Date of Award



Edward Cahill

Second Advisor

Amy Aronson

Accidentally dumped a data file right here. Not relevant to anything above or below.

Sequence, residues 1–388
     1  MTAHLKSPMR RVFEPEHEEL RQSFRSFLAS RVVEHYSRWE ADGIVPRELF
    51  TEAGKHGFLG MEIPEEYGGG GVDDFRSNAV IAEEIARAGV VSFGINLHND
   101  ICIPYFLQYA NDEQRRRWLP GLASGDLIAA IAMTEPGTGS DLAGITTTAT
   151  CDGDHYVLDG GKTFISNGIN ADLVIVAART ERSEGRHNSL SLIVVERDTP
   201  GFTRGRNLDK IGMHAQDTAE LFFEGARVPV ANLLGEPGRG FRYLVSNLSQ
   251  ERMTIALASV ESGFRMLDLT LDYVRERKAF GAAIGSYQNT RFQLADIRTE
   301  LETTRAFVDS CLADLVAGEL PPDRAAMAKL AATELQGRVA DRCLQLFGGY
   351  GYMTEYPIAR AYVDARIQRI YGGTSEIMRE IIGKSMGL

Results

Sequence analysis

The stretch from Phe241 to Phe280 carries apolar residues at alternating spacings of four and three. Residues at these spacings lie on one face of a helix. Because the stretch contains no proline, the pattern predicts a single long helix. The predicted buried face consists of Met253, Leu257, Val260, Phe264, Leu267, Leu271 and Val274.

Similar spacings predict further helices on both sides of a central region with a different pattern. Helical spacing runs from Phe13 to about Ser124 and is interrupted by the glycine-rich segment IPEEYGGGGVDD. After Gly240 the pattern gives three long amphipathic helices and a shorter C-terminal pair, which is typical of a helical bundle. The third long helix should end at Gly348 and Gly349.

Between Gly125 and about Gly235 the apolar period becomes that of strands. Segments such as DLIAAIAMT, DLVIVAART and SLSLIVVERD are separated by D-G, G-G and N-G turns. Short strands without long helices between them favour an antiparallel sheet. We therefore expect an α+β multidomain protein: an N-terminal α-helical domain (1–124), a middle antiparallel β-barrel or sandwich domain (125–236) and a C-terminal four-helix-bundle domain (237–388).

Drag performers and transexuals exist on the margins of the two gender binary. By existing on these margins these performers use both their physical bodies and humor to lampoon and subvert the gender binary and broaden the understanding of how gender is performed. Two performers, Rae Bourbon, a female impersonator, and Christine Jorgensen, a transexual who became a performer, placed their marginalized bodies on the stage and by doing so they heighten the subversion and critique of gender inherent in their performances.Gender is a normalizing force that dominates human interactions. Kessler and McKenna open their work on gender with the statement “as we go about out daily lives, we assume that every human being is either a male or a female.” This assumption leads us to classify every person encountered as fitting neatly into one of these two genders and from there we make a whole series of assumptions about that person’s physical anatomy, tastes, preferences, and desires. One transexual whom Kessler and McKenna interviewed asserts that “gender is an anchor” around which all other facts of the body are contextualized.Similarly Daniel Jones, a performer who takes the stage under the cross gender name and persona of Jomama Jones, said that he felt “people want to fit you in a box” and that they will become uncomfortable if they are unable to successfully do it.